Whilst I have the pleasure of conducting the final review at restaurants being included in the 2018 JHP Gourmet Guide™, interviewing the chefs and then writing about it, our Brand Manager Natalie has the arduous task of co-ordinating these dates and then extracting recipes from the chefs. Chefs are talented and engaging and we consider it a privilege to work with them, but not all of them are masters of converting their creations to a written version! It was therefore my pleasure to take her as my ‘plus one’ to a review at La Colombe last week. Our treat was kindly and seamlessly organized by PR professional Annette Cowley-Nel, who is also a dream to work with.
With the current menu chef Scot Kirton has elevated the level of food theatre, exposing his sense of play and belief that fine dining should be fun and more relaxed. Puritans may raise their eyebrows, but those who love progress will applaud.
Many of the courses, from the amuse bouche on welcome at reception, through the layered flavours with a bread roll, are interactive, ending with a frivolous taste test, as before, that sees diners devouring the petit fours. Inspiration and innovation are evident, yet some ‘surprises’ like the famous La Colombe tin of tuna, remain for those who may wait a season or two to make a trip to Cape Town for this holiday highlight. We gently debated our favourite dishes. Natalie had the Springbok with chipotle, miso orange, cucumber, chestnut and foie gras. I chose the chawanmushi, barbeque quail, aubergine, gem squash and coconut. Oh my word…this was a meal that memories are made of. The culinary adventure is worth reliving moment by moment, but I would hate to spoil the surprises.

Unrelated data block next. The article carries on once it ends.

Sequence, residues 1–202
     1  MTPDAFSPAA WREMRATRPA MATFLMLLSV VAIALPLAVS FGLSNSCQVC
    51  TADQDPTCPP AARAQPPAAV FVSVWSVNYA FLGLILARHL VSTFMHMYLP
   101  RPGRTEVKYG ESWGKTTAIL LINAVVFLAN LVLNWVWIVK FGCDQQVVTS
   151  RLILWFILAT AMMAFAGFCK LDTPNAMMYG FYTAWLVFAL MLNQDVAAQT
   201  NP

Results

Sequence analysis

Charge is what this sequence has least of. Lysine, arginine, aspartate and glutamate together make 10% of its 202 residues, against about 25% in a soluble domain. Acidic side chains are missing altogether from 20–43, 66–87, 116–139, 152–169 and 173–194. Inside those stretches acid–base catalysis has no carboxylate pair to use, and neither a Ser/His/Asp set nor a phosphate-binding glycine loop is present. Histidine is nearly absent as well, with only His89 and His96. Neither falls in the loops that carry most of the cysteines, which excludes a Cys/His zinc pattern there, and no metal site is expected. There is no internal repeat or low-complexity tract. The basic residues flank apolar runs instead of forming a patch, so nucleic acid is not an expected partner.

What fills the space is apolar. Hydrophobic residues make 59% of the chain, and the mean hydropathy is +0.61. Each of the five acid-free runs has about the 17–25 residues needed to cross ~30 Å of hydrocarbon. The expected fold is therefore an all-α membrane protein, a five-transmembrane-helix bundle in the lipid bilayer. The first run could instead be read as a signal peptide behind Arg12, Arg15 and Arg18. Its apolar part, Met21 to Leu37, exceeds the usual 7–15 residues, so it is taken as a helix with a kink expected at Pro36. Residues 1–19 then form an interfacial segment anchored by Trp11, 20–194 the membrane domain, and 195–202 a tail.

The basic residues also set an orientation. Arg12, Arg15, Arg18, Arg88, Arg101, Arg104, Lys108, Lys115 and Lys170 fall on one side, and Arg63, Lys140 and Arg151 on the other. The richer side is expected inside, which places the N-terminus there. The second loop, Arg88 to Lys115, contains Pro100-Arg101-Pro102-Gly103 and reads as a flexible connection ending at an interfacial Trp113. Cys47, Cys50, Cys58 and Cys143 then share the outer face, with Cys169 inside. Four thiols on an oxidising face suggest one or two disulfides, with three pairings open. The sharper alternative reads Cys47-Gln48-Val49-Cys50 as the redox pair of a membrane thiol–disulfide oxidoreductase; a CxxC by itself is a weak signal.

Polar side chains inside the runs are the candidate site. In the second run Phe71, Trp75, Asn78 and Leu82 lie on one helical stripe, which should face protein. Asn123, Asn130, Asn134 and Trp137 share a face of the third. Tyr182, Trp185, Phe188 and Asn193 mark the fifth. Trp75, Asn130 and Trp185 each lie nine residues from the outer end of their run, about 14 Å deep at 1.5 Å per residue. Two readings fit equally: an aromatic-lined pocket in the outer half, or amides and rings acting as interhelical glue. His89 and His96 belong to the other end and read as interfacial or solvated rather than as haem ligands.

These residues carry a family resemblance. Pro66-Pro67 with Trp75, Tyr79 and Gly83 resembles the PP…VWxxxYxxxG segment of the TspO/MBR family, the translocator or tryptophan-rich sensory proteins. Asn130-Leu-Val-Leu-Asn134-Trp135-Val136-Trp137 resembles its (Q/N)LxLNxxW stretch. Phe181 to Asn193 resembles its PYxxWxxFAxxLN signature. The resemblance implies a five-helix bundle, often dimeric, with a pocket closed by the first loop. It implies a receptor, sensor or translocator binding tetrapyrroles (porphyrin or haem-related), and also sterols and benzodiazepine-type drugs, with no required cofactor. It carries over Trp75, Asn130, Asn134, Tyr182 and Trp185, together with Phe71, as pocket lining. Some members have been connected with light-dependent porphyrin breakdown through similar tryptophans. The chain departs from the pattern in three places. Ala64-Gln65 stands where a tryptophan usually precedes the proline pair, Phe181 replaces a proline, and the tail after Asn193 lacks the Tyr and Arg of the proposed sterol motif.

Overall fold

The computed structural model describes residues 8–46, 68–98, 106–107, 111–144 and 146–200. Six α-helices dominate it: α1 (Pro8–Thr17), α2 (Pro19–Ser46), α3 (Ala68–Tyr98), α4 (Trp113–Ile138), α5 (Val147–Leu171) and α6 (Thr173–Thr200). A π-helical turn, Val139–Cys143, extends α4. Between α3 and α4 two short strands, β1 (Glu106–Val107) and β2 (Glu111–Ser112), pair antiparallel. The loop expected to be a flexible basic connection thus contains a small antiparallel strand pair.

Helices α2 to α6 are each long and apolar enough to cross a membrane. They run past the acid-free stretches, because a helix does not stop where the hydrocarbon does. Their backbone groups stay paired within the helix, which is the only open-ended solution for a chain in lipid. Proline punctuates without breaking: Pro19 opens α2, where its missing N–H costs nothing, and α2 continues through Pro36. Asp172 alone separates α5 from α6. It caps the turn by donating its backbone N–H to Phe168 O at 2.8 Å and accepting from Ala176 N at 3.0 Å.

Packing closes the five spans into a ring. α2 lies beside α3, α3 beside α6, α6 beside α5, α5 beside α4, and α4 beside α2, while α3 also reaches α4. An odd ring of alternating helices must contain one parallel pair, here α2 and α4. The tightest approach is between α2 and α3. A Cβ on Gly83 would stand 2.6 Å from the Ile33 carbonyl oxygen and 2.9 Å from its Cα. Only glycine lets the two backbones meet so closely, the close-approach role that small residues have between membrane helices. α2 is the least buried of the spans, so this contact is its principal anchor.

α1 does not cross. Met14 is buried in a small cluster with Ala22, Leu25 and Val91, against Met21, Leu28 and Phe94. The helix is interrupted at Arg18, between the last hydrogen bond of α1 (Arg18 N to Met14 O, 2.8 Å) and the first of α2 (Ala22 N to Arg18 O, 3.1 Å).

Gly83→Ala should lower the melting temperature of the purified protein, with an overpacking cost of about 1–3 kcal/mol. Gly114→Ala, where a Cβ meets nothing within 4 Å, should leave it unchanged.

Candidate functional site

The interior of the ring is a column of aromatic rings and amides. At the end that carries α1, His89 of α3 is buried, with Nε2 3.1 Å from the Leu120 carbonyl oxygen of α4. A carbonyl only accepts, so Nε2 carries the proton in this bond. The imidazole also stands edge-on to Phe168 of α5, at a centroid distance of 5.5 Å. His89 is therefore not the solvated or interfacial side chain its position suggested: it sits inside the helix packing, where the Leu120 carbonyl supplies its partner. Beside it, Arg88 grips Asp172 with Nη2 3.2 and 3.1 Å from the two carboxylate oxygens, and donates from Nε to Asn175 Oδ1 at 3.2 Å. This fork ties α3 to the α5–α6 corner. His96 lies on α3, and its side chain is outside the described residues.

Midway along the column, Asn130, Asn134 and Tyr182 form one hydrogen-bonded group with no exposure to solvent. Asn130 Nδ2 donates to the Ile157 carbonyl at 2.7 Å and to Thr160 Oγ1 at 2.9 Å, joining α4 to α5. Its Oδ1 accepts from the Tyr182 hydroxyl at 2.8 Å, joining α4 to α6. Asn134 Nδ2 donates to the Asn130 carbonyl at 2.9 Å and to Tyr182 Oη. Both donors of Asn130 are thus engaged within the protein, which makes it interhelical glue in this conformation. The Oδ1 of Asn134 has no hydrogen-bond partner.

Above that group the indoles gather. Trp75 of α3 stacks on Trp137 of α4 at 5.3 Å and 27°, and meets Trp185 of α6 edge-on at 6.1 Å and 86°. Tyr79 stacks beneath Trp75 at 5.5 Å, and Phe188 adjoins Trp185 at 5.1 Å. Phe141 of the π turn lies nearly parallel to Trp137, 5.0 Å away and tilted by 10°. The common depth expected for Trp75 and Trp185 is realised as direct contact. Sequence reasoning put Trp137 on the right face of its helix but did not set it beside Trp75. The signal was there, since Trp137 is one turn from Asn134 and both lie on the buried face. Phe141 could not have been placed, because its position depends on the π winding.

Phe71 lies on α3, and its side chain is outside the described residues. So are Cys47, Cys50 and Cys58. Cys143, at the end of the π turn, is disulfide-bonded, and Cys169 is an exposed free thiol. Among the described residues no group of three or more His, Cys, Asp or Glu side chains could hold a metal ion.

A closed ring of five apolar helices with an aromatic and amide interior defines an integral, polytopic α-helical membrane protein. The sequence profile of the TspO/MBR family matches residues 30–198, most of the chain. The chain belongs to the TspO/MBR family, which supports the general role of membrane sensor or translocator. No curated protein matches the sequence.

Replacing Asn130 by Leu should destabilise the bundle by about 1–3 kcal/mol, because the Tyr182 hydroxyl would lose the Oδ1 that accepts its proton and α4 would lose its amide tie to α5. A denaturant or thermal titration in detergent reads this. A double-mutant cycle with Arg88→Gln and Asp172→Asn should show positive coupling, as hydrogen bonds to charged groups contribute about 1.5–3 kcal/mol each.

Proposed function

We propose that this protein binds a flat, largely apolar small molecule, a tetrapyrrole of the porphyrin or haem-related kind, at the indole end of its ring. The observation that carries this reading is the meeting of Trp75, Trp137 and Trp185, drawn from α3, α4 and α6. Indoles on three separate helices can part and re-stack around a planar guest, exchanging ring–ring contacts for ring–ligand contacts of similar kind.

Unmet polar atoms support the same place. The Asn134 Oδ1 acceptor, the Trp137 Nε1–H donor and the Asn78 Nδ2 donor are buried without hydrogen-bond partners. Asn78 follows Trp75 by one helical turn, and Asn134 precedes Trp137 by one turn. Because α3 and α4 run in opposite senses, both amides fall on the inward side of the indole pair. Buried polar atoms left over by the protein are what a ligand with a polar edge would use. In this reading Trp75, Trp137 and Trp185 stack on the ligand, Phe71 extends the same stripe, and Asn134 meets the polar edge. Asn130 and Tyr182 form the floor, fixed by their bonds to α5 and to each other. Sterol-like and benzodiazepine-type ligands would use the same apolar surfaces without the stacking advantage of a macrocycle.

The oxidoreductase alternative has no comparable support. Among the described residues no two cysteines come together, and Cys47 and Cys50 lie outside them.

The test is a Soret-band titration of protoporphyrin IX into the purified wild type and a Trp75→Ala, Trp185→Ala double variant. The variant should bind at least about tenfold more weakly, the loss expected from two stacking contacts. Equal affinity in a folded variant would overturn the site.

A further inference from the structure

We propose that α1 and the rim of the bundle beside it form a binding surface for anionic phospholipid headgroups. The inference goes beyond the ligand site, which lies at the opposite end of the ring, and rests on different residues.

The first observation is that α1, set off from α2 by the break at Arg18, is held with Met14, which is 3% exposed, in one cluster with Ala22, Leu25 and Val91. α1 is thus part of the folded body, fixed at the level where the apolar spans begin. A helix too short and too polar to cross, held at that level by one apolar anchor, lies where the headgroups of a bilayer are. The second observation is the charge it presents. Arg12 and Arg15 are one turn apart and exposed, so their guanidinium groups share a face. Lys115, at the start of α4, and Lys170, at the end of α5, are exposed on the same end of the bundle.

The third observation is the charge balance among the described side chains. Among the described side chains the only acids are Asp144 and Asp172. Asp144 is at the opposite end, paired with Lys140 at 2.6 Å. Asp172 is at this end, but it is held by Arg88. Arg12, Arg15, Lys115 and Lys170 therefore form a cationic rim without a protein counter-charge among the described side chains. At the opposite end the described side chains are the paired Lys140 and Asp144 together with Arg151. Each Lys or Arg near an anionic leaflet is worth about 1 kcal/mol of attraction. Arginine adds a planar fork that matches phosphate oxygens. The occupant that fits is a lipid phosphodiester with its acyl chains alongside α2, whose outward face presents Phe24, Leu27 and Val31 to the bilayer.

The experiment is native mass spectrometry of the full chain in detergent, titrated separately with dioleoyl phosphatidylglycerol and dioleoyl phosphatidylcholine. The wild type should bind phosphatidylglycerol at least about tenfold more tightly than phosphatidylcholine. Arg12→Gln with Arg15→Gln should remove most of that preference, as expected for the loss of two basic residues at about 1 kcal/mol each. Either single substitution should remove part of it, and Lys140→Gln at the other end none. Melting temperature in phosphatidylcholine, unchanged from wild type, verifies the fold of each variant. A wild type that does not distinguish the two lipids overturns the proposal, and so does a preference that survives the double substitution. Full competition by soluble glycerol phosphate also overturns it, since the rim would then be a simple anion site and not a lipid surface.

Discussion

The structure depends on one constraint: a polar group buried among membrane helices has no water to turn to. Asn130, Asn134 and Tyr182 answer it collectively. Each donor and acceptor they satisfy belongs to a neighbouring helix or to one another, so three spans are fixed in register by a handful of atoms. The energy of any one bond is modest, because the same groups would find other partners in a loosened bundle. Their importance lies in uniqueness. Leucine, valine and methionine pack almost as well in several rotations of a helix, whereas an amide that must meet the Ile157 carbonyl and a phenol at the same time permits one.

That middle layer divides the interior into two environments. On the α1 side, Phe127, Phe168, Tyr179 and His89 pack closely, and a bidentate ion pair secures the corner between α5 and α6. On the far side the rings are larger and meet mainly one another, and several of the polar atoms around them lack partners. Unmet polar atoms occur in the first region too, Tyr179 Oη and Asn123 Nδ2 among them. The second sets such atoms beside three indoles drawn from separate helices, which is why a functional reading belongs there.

We left on a high, but only after chatting to Scot, and congratulating him on his babies – newborn Chloe, and the restaurant in Franschhoek opening in August. Great to note that the La Colombe winter special has been extended to 31 August – make your reservation now for some fun ‘behind the green door!’
I caught up with surf-loving chef Dylan Laity on a quiet day just before his annual holiday. I took a moment to enjoy the winter view while he tested a new dish on me, a very receptive audience. Without giving the game away, he has created a beef dish that is sublime, flavoured by Rooikrantz coals, with burnt apple puree, lemon and capers, with mustard mayo and local sorrel, served on a plate made from the same wood. His presentation previously classical, now more evolved to become more colourful. It was great to swop stories of how winter is the time for fermentation, pickling, and making his own amazi (cheese).
Summer will see it evolve into a new explosion of flavours, still focusing on local produce. Look out for his bunny koek – a lamb curry set hard wrapped in vetkoek dough and fried. Good to see him making more use of the mountain on which the Roundhouse is poised – the likes of lemon buchu, wood sorrel, nasturtium, chickweed and natural fynbos like wild rosemary, Cape May and lavender are evident in his cooking – really taking advantage of nature. I applaud the fact that he, like many chefs, is celebrating hake instead of kingklip. We ended our chat on a good note, with Dylan stating that one of the blessings of becoming more established in one’s kitchen, means that you have discovered that no chef is ever better than the ingredients.” Enjoy your break Dylan, as the season for you and your team is sure to be one full house after another.